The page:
Nepal quake highlights Building Code

The Myanmar Engineering Society is urging developers to follow the National Building Code, after the Nepal earthquake raised concerns on the ability of local buildings to survive disasters.

The code is still in draft form, and was initially written in English in 2012. Although it must be passed by parliament to become law, experts say they hope it can serve as a voluntary guide to developers until it is approved.

Myanmar Engineering Society (MES) spokesperson U Kyi Lwin, who is also involved with drafting the code, said some contractors and developers have used the code, although awareness of it has not yet been spread widely.

“Currently we’ve only completed an English draft … If the code receives commitment from decision makers, the whole country will be using it systematically and buildings are going to be stronger,” he said.
Nepal was struck by an earthquake on April 25 that left an estimated 7500 people dead.

Experts say the earthquake has highlighted Myanmar’s need to address building standards, to help mitigate destruction in the event of a local earthquake. The lack of a nationwide document on construction standards results in uneven quality of buildings across the country.

Developers often use different international codes or locally developed practices as reference points, which vary significantly in producing quality buildings.

“When the National Building Code official appears, every contractor will have to build systematically, constructing buildings that are more resilient to natural disasters,” said U Kyi Lwin.

The MES is currently translating the document to Myanmar. After that is complete, they will submit it to the Ministry of Construction, which will edit the code before final confirmation by parliament.

“We just drew up the code and will wait for a decision. Currently we are translating to Myanmar because the draft is only in English – but if it is confirmed, it needs to be understood by everybody,” he said.
Experts have also said that the recent earthquake in Nepal has highlighted the importance of having strong rules on construction in Myanmar.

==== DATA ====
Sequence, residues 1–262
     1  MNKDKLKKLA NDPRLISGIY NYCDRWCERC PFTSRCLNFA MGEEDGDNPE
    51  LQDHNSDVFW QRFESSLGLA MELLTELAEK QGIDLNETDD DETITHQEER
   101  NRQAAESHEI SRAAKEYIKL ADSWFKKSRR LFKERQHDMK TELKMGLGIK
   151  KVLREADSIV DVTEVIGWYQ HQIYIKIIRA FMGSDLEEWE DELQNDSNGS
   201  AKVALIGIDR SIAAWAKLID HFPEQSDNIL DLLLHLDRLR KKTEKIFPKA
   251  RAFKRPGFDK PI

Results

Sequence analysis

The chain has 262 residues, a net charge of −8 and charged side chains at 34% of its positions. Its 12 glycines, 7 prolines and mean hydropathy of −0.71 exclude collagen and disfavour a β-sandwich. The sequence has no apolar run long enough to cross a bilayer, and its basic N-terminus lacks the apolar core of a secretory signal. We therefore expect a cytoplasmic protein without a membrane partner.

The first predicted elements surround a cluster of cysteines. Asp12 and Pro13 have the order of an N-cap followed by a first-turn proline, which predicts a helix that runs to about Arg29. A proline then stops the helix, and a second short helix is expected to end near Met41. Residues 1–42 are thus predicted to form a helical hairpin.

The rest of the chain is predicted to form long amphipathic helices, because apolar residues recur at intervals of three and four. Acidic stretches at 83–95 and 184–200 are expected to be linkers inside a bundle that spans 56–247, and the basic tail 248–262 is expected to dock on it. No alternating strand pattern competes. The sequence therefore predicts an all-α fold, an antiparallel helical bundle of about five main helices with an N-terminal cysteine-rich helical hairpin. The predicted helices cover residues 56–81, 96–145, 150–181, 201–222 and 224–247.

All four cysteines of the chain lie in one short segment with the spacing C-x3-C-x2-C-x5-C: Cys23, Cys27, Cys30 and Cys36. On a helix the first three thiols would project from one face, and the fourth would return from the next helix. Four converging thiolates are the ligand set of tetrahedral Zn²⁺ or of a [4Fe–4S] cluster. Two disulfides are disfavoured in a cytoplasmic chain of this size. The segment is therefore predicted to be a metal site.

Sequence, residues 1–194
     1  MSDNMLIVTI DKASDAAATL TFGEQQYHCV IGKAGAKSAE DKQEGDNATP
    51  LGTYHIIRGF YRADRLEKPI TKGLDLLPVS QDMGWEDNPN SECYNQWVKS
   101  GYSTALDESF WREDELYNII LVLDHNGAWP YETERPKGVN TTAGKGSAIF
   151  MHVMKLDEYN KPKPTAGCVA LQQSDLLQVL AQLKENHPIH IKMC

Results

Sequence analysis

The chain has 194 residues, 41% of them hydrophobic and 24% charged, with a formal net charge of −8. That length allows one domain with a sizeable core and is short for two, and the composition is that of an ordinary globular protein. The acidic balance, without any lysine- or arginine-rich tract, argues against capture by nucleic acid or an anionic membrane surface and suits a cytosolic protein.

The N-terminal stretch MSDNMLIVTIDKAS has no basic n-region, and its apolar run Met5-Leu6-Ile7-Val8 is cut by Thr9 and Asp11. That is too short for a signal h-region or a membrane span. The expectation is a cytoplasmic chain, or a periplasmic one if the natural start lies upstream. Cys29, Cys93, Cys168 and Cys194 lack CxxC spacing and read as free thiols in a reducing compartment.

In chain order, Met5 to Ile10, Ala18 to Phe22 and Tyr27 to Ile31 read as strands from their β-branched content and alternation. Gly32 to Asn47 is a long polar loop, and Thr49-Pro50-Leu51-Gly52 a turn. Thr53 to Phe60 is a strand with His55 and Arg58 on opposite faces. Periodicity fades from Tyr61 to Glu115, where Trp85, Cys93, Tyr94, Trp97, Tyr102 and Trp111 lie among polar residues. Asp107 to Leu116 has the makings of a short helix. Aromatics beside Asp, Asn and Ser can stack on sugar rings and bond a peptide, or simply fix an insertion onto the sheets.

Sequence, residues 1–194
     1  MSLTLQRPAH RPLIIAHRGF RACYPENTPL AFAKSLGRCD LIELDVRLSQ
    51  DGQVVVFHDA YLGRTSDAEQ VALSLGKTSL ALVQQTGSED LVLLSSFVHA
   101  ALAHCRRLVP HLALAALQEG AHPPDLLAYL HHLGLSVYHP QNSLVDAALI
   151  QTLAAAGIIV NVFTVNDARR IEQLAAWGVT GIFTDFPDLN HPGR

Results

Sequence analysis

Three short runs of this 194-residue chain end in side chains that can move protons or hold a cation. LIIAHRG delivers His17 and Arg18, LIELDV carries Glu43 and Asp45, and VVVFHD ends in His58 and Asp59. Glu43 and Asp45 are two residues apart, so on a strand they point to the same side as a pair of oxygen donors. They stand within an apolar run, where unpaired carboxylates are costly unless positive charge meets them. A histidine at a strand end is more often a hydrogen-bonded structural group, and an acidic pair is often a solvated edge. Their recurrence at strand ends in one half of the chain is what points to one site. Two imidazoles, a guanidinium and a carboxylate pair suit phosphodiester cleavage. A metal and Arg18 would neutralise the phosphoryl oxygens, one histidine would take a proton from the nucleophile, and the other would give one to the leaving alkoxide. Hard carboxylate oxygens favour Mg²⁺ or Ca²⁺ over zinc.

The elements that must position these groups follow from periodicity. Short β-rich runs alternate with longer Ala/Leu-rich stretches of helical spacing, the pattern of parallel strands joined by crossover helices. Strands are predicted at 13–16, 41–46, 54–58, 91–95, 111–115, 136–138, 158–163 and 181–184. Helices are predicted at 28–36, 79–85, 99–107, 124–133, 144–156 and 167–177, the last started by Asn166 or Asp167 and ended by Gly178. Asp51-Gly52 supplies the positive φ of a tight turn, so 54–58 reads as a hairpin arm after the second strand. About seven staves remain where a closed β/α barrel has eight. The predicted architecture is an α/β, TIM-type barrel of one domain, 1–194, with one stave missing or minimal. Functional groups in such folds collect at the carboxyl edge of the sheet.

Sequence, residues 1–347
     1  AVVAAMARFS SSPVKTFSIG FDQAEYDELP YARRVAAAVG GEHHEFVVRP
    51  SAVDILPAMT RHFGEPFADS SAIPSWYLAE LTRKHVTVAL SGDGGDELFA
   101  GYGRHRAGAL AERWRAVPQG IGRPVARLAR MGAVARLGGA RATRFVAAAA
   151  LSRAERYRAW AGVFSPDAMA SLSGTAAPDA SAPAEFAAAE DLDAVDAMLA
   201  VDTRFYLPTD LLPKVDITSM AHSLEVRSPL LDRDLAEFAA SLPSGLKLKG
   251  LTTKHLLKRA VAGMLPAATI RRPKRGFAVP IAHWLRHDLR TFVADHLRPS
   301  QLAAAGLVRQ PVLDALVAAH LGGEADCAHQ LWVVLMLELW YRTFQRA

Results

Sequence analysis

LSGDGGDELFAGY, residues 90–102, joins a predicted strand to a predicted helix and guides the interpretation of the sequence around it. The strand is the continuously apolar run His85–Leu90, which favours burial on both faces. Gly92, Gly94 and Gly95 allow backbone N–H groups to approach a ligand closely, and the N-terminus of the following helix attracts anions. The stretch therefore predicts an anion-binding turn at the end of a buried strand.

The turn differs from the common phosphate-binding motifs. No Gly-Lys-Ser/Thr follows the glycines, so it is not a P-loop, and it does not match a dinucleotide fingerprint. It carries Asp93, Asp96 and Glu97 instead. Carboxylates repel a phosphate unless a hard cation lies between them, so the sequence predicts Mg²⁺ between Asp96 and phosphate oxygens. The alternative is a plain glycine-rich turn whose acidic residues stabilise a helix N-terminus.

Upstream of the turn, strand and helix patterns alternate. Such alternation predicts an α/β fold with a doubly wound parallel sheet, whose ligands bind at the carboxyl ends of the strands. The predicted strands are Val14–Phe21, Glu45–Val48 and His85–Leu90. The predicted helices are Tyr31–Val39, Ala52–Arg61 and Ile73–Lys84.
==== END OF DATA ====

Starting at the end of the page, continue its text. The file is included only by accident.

U Kyaw Thu, program specialist at UN-Habitat, said there is an urgent need to get the code in place.
“This code can really help for resilience of buildings and safer residences, rather than building randomly,” he said.

The draft National Building Code has seven chapters, covering areas including structure, health and safety and building services. The structures section, Chapter 3, deals in part with making sure buildings withstand natural disasters.

While all buildings face a certain amount of risk, those built not to code and with unqualified engineers are the most at risk.

“We see some contractors here who are not licensed: They build only with carpenters. Those buildings don’t have strong resistance, so when an earthquake happens, the buildings become dangerous,” U Kyaw Thu said.

UN-Habitat has surveyed areas in Sagaing and Bago regions and Taungoo city in Shan State, drafting a map showing at-risk townships. The survey was then reported to regional governments. Local government can then refer to the map for a location’s exposure to earthquakes when extending townships or building industrial zones or power projects.

U Kyaw Thu said the next step is to survey Yangon and Pyay township, aiming to complete reports on the two by 2016.

“Knowing about earthquake faults and constructing strong buildings goes a long way to reducing injury from natural disasters,” he said.

Source: Myanmar Times

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